The first rule about fight club: don’t talk about fight club. Similarly, one of the first rules about nuclear deterrence is you don’t talk about where your nuclear weapons are placed, even if it’s not that big of a secret.
President Donald Trump apparently forgot about that rule on Wednesday, when he revealed that American nuclear missiles in Turkey were safe, in spite of rising tensions with that country’s leader, President Recep Tayyip Erdogan.
It wasn’t that much of a secret that the U.S. kept some nuclear weaponry in the country, but Trump revealed details about their location, as well as the number kept there, while speaking to reporters.
Trump said he was “very confident” about the safety of the weapons, which he acknowledged were held in Turkey at “a great air base there — a very powerful air base,” implying the Incirlik Air Base, about 500 miles southeast of Ankara. Trump also insinuated the air base belonged to the U.S., when in fact it is a Turkish-held air base, the Washington Post noted.
Trump seemed to confirm the number of nuclear weapons (about 50) that were being stored at Incirlik, The Daily Beast also reported.
Trump just became the first US official to confirm the presence of 50 US nuclear bombs based
in Turkey. "We're very confident" they're safe, he told reporters, via WH Pool
US and Nato officials never talk about nuclear deployments abroad.
— Julian Borger (@julianborger) October 16, 2019
For the head of state who is in charge of a nuclear arsenal, Trump’s behavior goes against several tenets of the doctrine of Mutual Assured Destruction (sometimes abbreviated MAD), which some military experts believe has helped keep the peace between nuclear powers for the past half-century or more.
The idea behind MAD is simple: if you and your adversary both have enough weapons to annihilate each other, you won’t attempt to attack them if you know they can respond accordingly. As part of this idea, it’s important that neither side is aware of the number or location of weapons the other has, as that could allow one party to target those locations in order to have an advantage in a nuclear war.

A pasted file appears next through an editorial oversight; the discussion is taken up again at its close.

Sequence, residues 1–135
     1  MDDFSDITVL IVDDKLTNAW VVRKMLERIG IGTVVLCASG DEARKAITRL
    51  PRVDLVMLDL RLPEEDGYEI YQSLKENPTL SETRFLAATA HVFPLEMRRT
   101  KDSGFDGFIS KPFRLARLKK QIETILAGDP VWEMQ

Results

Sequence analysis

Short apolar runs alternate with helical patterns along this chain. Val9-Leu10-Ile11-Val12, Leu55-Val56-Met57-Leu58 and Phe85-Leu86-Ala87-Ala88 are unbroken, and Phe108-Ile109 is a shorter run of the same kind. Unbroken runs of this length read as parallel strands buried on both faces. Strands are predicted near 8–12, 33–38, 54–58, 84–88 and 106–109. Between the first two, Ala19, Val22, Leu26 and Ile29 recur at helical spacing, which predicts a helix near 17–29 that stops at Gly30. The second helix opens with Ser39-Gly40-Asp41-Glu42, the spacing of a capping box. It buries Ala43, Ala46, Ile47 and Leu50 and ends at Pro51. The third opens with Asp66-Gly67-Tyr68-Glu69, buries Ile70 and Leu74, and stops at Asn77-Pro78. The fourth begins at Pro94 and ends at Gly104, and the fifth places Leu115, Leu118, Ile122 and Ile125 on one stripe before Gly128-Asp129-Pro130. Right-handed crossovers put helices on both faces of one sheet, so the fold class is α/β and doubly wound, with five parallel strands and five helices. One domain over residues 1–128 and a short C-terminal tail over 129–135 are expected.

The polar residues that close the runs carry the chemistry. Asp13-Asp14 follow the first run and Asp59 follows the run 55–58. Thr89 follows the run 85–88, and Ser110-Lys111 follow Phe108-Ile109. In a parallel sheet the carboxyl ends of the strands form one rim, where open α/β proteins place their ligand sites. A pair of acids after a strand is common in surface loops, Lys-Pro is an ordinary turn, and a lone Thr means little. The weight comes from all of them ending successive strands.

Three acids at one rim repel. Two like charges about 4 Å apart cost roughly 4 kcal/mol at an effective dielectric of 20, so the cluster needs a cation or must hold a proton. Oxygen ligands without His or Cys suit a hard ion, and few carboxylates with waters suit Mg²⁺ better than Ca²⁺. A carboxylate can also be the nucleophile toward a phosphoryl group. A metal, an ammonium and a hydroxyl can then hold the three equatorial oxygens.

Trump seemed to have messed up when he acknowledged the weapons’ locations and their number in his remarks on Wednesday. Fortunately (or not so much, depending on your point of view when it comes to nuclear politics), the U.S. arsenal is large enough that MAD still applies, even if Trump’s tongue slipped this one time. Still, it’s enough to be concerned about for probably more than a few military experts.
Trump has demonstrated in the past a severe lack of knowledge when it comes to nuclear defense. During the primary debates in 2015 when he was a candidate vying for the Republican Party’s nomination, for example, he could not provide an adequate answer regarding his attitudes on the nuclear triad, demonstrating, perhaps, that he didn’t know what it was to begin with, CNN reported.
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Chris Walker is a freelance writer based out of Madison, Wisconsin. A millennial with more than a decade of journalism experience, Chris aims to provide readers with the latest and most accurate news of national importance. Chris likes to spend his free time doing activities in his community with his family.